sudo ./configure --with-kernel=/usr/src/linux-headers-$(uname -r) --with-cards=<enter driver name here e.g. via82xx> --with-oss=yes
sudo make
sudo make install
If you get no errors from doing the above then you have successfully compiled alsa-drivers from source. Resume this guide from General Help step 4.
Using alsamixer
• Type this into a shell alsamixer
You will now see what appears to be a graphical equalizer. It is more like ten different volume controls in the sample place.
• To navigate around:
• *Left and Right Arrow Keys - Move left and right (if you move long enough in one direction you will get back to where you started - you will not fall off the screen )
• *Up and Down Arrow Keys - Increase and decrease volume respectively.
• *Letter M Key - Mutes/unmutes. If a channel is unmuted, then there is a green box underneath the volume slider. If the channel is muted, the box is grey.
Saving Sound Settings

Do this step to ensure that your alsamixer settings are reloaded with each boot. First make sure you have your settings just the way you like them in alsamixer. Then do sudo alsactl store 0 or if this is your nth sound card (where n is the number of soundcards in your computer) replace 0 with n-1. Many thanks to xpix for trying this out.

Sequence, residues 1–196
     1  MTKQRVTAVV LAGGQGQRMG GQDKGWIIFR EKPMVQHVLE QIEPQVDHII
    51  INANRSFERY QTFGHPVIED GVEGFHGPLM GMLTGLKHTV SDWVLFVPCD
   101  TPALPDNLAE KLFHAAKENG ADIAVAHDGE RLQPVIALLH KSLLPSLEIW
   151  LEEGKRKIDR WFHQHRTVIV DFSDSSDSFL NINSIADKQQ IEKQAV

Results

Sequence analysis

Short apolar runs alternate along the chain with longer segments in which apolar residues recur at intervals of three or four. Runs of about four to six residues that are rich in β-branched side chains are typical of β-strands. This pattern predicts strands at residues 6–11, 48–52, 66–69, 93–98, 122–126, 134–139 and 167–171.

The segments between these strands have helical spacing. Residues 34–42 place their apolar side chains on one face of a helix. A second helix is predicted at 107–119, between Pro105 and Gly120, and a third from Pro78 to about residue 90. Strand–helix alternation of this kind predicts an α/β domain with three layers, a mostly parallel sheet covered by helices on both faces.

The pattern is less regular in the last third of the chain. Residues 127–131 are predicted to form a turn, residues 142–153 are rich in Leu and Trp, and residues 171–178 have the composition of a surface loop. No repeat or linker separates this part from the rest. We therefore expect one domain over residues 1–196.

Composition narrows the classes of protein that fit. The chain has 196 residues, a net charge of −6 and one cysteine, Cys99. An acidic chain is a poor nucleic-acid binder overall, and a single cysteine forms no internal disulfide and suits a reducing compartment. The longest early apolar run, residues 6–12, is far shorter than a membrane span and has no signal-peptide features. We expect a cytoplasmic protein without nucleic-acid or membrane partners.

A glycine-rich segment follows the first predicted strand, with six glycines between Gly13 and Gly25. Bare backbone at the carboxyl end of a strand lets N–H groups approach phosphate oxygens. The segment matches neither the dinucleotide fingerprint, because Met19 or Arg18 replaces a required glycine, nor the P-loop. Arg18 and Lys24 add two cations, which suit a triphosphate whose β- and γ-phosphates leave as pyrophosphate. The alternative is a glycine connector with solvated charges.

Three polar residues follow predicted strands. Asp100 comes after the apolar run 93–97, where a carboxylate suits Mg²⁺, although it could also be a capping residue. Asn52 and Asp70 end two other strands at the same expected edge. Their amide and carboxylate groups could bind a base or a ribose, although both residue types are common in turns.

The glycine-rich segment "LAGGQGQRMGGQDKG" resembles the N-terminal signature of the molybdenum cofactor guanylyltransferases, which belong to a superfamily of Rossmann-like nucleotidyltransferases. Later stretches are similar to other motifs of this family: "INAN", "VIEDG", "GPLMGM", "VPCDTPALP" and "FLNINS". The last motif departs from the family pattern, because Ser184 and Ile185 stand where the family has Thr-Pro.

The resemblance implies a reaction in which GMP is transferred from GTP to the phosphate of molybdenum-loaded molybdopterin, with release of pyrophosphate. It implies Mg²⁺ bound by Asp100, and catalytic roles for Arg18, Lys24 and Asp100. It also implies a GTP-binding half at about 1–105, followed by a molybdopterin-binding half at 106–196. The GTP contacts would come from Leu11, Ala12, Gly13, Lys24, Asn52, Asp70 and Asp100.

Loading a working sound configuration

If you can find someone with similar HW as yours and has working sound, you could take their settings and try them on your HW.
1. Get a working /var/lib/alsa/asound.state from someone who has similar hardware
2. Save it as /tmp/asound.state
3. alsactl -F -f /tmp/asound.state restore
Getting more than one application to use the soundcard at the same time
• You might want to play a game and listen to music on your favorite music player at the same time. To do this successfully, you will have to use ALSA since it supports this feature the best. On all the music players I know of, you can configure the sound engine, to any module that is available.
• The setting is usually found under something like Tools >>> Configure >>> Player Engines.
• For games, it is a bit more tricky since there is not always a way to configure the player engine directly. Most games, however, do support the OSS. ALSA has an OSS module that allows OSS applications to use the ALSA driver.
• To do this you will need the alsa-oss package sudo apt-get install alsa-oss
• After doing this step, it is very easy to use alsa-oss. In the shell, you can type 'aoss' then the name of the program name you want to use with alsa-oss.
Configuring default soundcards / stopping soundcards from switching
Note: This section assumes that you have installed each soundcard properly.
• In a shell, type cat /proc/asound/modules
• This will give the the name and index of each soundcard you have currently. Make a note of the names, and decide which one you want to be the default card.
• Now type sudo nano /etc/modprobe.d/alsa-base
• At the very end of the file, add the following (assuming you have 3 cards with module names A, B and C and you want to have them in the order CAB)
options snd-C index=0
options snd-A index=1
options snd-B index=2
Getting MIDI To Work - *EXPERIMENTAL*
This section assumes you can successfully hear sound from your soundcard. First of all, make sure that you actually have a MIDI port on your soundcard. Most onboard soundcards do not have a MIDI port.
Next, open up this file:
sudo nano /etc/modprobe.d/alsa-base Then add this options line options <snd module name here i.e. snd-via82xx> mpu_port=0x330 OR if you already have a options line for this soundcard add mpu_port=0x330 to the line.